Not Just Food — Israeli Apparel Sales Also Declined in 2014

Increased competition and consumers lower spending power took their toll.

Emil Salman

It isn’t just food sales that slumped last year — apparel sales also declined for much the same reason: consumers lower purchasing power and tougher competition that forced retailers to cut prices.

Clothing stores at Israel’s malls fell 1.5% last year on a sales-per-square-meter basis, according to data that retail research firm RIS collected from 2,600 stores across the country. That followed a 0.3% decline in 2013.

People in the retail industry say the decline was even worse than RIS reported because population growth should automatically provide an increase every year.

“In practice the drop in sales was bigger that the reported data — it was down 3% down at least — because every year at least 45,000 new households are formed,” said Tamir Ben-Shahar of consulting firm Czamanski & Ben-Shahar.

“In any case, the RIS figures relate mainly to chain stores. You can assume that smaller independent stores experienced bigger sales drops because they can’t advertise and market.”

In fact, even RIS says the 2014 decline would have been bigger save for an unexpected pick-up in sales during November, which lifted fourth-quarter per-meter sales 2.25% from a year earlier. November saw a sharp 11.5% increase in apparel sales from the same time in 2013.

A particularly cold and wet month in 2014, compared with a warm and dry one in 2013, brought shoppers into stores to stock up on winter clothing, as did an unusual December sale organized by Ofer Malls. Still, December sales dropped 4.9% year on year.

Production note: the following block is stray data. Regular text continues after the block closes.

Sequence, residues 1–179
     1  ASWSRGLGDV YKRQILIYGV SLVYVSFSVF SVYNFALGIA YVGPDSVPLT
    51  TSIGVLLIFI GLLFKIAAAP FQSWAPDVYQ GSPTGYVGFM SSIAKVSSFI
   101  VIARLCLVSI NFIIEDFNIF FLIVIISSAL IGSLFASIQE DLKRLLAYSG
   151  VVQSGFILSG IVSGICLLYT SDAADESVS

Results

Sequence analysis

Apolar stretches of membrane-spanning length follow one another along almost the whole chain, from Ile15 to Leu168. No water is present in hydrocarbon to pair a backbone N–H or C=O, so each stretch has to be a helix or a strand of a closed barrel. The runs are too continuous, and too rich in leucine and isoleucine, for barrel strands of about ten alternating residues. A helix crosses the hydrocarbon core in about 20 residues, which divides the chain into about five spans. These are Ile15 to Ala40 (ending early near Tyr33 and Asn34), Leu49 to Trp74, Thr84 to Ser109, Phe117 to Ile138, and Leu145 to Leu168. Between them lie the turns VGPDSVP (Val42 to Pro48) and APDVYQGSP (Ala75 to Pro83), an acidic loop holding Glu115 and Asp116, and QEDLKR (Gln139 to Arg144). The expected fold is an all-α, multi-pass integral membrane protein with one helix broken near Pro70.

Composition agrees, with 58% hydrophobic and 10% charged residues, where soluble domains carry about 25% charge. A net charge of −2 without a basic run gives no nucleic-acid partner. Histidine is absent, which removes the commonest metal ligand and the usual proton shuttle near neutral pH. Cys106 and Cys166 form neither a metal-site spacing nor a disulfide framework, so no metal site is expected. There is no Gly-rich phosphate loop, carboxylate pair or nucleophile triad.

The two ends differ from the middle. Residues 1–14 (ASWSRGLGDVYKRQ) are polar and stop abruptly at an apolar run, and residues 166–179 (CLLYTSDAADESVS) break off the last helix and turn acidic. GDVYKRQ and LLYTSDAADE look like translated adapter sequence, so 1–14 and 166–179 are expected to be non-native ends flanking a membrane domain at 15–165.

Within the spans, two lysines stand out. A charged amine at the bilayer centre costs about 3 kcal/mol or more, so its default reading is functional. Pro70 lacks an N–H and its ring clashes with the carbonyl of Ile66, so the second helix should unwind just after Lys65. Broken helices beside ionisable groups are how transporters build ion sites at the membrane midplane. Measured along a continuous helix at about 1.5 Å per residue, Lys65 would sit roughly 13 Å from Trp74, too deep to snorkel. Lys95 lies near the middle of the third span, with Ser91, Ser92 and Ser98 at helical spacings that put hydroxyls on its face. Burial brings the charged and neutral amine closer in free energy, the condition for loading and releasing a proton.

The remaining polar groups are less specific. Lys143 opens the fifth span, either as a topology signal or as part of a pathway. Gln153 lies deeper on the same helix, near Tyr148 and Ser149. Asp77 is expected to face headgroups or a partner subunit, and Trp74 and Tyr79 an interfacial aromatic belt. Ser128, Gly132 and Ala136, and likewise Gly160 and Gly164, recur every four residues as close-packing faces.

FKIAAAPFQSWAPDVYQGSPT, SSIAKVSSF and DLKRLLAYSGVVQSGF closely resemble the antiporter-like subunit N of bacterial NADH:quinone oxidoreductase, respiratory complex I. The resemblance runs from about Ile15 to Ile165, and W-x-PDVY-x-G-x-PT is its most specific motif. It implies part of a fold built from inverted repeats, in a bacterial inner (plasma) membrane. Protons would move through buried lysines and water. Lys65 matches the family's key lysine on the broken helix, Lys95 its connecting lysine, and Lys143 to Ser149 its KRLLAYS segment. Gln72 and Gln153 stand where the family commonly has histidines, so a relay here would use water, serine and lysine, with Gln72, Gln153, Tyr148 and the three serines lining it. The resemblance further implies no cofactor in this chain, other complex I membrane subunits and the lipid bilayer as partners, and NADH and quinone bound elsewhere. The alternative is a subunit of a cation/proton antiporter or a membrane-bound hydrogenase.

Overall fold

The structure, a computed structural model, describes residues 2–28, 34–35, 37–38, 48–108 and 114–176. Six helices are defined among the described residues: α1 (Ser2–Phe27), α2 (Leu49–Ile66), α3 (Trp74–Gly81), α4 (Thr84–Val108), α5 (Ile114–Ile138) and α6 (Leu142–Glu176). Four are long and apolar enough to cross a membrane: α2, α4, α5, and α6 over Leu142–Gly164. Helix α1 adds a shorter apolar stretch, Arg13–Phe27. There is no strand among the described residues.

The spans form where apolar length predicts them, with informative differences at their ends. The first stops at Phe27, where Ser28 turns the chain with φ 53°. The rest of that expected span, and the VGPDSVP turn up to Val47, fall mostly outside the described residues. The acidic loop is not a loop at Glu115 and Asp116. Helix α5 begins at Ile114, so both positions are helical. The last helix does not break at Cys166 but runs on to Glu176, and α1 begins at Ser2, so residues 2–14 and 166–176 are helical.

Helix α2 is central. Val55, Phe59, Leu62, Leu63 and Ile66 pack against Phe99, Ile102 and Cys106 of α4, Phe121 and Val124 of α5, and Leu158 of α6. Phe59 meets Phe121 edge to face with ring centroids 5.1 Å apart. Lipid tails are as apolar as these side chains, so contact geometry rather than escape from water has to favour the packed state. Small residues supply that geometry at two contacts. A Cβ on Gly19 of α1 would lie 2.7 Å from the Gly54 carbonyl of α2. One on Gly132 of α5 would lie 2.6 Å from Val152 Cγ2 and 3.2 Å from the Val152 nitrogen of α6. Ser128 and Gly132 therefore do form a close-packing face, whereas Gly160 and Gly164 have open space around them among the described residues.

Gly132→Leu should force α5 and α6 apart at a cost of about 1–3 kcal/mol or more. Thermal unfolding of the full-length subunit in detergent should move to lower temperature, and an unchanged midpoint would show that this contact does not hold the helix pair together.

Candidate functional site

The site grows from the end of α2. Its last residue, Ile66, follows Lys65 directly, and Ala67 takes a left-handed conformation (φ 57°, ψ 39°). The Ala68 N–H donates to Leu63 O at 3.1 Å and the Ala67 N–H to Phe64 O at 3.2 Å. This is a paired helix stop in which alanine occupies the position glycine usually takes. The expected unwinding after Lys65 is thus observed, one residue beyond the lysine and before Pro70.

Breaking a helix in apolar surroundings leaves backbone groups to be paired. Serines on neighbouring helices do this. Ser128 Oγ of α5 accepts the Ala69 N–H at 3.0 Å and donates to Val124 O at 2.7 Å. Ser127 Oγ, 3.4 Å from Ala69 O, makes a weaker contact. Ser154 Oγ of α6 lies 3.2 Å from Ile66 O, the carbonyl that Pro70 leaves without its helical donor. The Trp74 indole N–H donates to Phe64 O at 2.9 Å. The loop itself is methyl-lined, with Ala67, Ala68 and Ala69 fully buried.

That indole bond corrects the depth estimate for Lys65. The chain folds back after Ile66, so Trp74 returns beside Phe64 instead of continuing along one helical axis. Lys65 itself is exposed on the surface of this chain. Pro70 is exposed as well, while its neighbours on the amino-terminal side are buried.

The decline mirrors a similar drop in food sales, which in the first 11 months of 2014 were down 1.7% in shekel terms from the same time in 2013, according to figures from the retail researcher Storenext, which collects data from supermarket checkouts around the country.

Retail executives say one reason for the decline in per-square-meter terms is an onslaught of competition. Apparel chains, like supermarkets, have expanded faster than shoppers are increasing their spending, so chains end up cannibalizing their own sales.

“We’ve gotten to the point that opening up new floor space hurts sales,” said an industry executive who asked not to be identified.

On top of that, consumers have seen their discretionary spending fall amid a decline in real wages and the high cost of housing.

As a result, discounters are taking a bigger slice of the share of consumer spending. “More and more people are buying at discount stores for the whole family,” said the executive. “Almost no one is buying blouses of 500 or 600 shekels [$127 or $152].”

As has happened in the United States, growing income gaps are creating two different retail markets. “The market is going in the direction of price or shopping experience,” the executive said. “There has been growth in the sportswear and lifestyle segment, but the middle of the market is being squeezed.”

The discount segment is about to get a new contender with the Carolina Lemke group, a designer and retailer of low-cost sunglasses, planning to open the first outlet of its Urbanica chain in May in Rishon Letzion.

The group, which operate Hoodies and Topten stores, is promising to sell clothing at a steep discount — jeans between 39 and 79 shekels, T-shirts between 9.90 and 19.90 shekels, and handbags between 49 and 79 shekels.

Modeling itself on Europe’s successful Primark chain, Urbanica stores will have more floor space than most Israeli shops and offer apparel for women, men, children and babies. But the company is promising a better shopping experience than discounters usually offer.

“The idea is to earn smaller margins on each product but to sell a lot of them,” said a spokesman. “We want to make the same revolution we did in the optical market with Carolina Lemke.”